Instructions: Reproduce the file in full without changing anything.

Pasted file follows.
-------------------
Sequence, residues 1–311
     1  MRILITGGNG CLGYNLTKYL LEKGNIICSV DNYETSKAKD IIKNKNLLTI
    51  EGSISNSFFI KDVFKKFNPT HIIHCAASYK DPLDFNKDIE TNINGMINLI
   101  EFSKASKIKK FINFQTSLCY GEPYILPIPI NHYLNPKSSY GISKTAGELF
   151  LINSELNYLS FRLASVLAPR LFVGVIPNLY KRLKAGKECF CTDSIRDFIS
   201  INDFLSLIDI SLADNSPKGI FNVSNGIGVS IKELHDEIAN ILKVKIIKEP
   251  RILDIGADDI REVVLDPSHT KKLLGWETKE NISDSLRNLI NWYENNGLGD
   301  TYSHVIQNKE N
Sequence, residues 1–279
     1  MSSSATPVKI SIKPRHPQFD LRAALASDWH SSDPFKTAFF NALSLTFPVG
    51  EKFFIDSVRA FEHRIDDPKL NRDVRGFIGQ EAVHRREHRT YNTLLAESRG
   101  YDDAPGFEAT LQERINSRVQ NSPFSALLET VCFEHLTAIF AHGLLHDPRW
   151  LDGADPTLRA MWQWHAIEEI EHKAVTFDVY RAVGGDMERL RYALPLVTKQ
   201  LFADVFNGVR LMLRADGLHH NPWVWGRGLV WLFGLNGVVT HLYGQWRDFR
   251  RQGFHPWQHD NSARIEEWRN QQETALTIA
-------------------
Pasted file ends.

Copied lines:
Sequence, residues 1–311
     1  MRILITGGNG CLGYNLTKYL LEKGNIICSV DNYETSKAKD IIKNKNLLTI
    51  EGSISNSFFI KDVFKKFNPT HIIHCAASYK DPLDFNKDIE TNINGMINLI
   101  EFSKASKIKK FINFQTSLCY GEPYILPIPI NHYLNPKSSY GISKTAGELF
   151  LINSELNYLS FRLASVLAPR LFVGVIPNLY KRLKAGKECF CTDSIRDFIS
   201  INDFLSLIDI SLADNSPKGI FNVSNGIGVS IKELHDEIAN ILKVKIIKEP
   251  RILDIGADDI REVVLDPSHT KKLLGWETKE NISDSLRNLI NWYENNGLGD
   301  TYSHVIQNKE N
Sequence, residues 1–279
     1  MSSSATPVKI SIKPRHPQFD LRAALASDWH SSDPFKTAFF NALSLTFPVG
    51  EKFFIDSVRA FEHRIDDPKL NRDVRGFIGQ EAVHRREHRT YNTLLAESRG
   101  YDDAPGFEAT LQERINSRVQ NSPFSALLET VCFEHLTAIF AHGLLHDPRW
   151  LDGADPTLRA MWQWHAIEEI EHKAVTFDVY RAVGGDMERL RYALPLVTKQ
   201  LFADVFNGVR LMLRADGLHH NPWVWGRGLV WLFGLNGVVT HLYGQWRDFR
   251  RQGFHPWQHD NSARIEEWRN QQETALTIA